With the momentum gaining after passage of California’s palliative care bill, experts hope the state is heading towards standards of care that highlight programs of excellence.
“California is one of the states we’re most excited about,” says Emily Warner, health policy director for the national Center to Advance Palliative Care, which has launched a training program to help providers create or improve their own palliative care networks.
Notable state programs include Sutter Health, Sharp HealthCare, and the University of California, San Francisco.
What needs to happen for palliative care to blanket the state?
Today, it’s focused on hospital settings. The key to improving palliative care will be extending into non-hospital “community settings” — clinics and doctors’ offices along with long-term care facilities like assisted living and skilled nursing. One model California program was launched in 2005 at the Motion Picture & Television Fund’s continuing care facility, which houses Hollywood veterans.
Yet there remain a number of other barriers.
Medical students prefer higher-paying specialties rather than the modest incomes provided by either geriatrics or palliative care. And becoming board-certified requires additional training for physicians who already have many of the needed skills to provide palliative care. (Palliative care experts want all clinicians who handle advanced illness to have basic training in these skills.)
Finally, hovering like a dark cloud over all of palliative care is reimbursement.
How can providers be adequately reimbursed for palliative care when it involves a vast interdisciplinary network of doctors, nurses, chaplains, social workers, and services like a 24-hour hotline?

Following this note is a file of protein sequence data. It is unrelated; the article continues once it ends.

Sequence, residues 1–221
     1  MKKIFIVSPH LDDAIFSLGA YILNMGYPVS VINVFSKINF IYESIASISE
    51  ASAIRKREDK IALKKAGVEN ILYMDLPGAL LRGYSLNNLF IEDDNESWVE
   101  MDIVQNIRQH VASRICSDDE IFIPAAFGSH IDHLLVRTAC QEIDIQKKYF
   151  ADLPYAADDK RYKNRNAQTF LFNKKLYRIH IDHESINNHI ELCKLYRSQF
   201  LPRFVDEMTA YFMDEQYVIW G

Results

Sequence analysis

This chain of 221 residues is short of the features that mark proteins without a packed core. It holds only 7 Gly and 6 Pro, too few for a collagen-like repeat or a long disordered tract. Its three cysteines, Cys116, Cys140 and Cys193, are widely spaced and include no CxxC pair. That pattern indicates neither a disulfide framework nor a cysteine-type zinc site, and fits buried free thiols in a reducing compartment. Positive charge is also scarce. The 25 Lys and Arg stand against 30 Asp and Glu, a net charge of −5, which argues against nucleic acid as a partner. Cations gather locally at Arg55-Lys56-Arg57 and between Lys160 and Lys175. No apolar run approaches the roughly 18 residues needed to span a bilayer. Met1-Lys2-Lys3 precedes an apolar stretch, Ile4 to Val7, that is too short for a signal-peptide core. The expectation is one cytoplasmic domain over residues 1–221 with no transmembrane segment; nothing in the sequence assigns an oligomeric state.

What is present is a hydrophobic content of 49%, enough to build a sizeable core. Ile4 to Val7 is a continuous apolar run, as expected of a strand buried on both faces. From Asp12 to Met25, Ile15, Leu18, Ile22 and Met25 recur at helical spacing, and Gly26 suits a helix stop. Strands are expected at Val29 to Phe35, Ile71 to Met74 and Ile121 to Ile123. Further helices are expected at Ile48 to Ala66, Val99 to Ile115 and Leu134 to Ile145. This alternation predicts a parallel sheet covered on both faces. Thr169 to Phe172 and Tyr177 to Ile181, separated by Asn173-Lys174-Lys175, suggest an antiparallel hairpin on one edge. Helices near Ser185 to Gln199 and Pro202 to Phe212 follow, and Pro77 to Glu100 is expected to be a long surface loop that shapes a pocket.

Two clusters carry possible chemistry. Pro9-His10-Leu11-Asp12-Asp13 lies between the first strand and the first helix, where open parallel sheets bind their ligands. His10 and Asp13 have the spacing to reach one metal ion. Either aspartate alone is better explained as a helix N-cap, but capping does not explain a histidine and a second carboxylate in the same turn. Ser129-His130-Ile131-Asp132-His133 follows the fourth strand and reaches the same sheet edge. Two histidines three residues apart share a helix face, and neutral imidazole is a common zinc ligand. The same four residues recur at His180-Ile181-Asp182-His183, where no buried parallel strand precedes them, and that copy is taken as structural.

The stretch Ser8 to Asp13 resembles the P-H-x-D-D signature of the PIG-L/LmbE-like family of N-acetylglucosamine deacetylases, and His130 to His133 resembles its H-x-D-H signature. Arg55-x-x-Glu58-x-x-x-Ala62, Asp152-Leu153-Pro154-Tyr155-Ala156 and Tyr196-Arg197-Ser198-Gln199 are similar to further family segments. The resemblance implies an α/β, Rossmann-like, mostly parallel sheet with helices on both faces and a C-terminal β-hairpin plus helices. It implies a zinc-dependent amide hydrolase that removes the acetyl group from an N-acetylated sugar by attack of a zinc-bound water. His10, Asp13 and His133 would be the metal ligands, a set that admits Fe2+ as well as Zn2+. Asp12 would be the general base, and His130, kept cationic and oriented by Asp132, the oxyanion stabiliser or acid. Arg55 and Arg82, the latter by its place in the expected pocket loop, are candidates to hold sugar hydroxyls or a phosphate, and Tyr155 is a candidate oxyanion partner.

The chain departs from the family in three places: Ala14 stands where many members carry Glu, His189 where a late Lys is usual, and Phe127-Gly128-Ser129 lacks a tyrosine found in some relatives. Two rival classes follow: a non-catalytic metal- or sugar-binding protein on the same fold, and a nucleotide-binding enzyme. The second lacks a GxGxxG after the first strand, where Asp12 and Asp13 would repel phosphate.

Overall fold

Medicare, for example, pays only a single daily sum to hospitals for either palliative or hospice care, a rate that is often inadequate for robust palliative care aimed at both comforting patients and treating disease.
To address the vexing payment problem, in December the California HealthCare Foundation issued 10 planning grants to community providers and payers in hopes of spawning new payment solutions.
The need for palliative care is great, and will only continue to grow.
There were 14 million Californians suffering from at least one chronic illness in 2013, including seven million with multiple chronic illnesses.
California is now on the precipice of national leadership in palliative care, which can seem like The Wild West: vastly different programs, even different definitions of palliative care.
Yet what is most heartening is that the state’s stakeholders, led by the Coalition for Compassionate Care of California, are working together to solve these problems. They meet again in early July.
A tipping point will arrive when palliative care is standardized across the nation’s healthcare delivery spectrum.
With continued dialogue and cooperation, California may be critical in that effort.